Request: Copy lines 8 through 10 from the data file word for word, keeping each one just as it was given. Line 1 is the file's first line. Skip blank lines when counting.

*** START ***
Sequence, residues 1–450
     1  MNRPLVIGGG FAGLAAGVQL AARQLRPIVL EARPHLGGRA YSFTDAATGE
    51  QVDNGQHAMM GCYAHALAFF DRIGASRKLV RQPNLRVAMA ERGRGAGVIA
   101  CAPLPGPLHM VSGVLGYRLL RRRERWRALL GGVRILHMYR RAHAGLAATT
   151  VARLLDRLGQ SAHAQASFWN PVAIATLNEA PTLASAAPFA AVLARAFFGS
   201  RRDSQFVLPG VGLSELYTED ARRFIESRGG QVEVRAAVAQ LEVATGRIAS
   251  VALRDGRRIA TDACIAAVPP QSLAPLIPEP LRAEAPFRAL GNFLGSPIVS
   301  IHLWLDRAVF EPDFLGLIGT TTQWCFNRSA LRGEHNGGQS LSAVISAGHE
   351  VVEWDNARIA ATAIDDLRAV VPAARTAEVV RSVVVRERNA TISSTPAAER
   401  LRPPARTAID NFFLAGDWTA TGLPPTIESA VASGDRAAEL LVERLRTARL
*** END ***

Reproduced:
   301  IHLWLDRAVF EPDFLGLIGT TTQWCFNRSA LRGEHNGGQS LSAVISAGHE
   351  VVEWDNARIA ATAIDDLRAV VPAARTAEVV RSVVVRERNA TISSTPAAER
   401  LRPPARTAID NFFLAGDWTA TGLPPTIESA VASGDRAAEL LVERLRTARL